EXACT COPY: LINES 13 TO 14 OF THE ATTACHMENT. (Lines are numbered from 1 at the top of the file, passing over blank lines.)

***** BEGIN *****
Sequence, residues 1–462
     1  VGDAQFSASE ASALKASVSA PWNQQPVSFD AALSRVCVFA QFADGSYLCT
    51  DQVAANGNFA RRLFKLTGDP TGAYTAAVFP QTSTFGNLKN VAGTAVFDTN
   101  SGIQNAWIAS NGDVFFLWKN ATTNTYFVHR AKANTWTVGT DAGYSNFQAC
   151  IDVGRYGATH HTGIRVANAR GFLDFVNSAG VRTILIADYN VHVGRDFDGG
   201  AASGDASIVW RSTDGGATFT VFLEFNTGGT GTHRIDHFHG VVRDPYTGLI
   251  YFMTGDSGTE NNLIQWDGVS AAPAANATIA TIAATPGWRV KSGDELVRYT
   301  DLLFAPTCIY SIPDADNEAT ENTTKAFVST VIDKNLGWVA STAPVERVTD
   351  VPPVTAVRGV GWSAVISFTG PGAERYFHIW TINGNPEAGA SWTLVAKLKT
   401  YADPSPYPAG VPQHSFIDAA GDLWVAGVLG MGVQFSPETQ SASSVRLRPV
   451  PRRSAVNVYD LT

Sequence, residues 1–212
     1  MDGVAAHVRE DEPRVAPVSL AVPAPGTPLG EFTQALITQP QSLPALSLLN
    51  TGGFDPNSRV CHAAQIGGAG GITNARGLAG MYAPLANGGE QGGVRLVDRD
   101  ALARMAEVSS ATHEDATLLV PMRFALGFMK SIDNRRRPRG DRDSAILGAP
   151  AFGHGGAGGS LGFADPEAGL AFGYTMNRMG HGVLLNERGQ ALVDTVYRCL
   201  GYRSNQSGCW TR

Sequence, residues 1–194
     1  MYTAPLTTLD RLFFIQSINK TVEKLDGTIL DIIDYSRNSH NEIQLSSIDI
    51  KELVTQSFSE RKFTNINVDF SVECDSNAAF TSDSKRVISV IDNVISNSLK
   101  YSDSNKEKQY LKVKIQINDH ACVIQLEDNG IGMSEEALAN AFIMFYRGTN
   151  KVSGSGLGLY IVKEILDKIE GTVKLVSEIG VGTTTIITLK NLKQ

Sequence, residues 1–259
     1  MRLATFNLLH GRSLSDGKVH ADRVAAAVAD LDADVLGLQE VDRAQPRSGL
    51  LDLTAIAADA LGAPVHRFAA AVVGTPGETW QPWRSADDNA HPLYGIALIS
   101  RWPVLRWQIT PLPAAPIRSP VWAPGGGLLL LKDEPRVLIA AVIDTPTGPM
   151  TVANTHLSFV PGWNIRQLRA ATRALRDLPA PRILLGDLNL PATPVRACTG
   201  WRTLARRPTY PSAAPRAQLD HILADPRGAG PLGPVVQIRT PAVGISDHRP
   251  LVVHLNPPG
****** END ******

     1  MDGVAAHVRE DEPRVAPVSL AVPAPGTPLG EFTQALITQP QSLPALSLLN
    51  TGGFDPNSRV CHAAQIGGAG GITNARGLAG MYAPLANGGE QGGVRLVDRD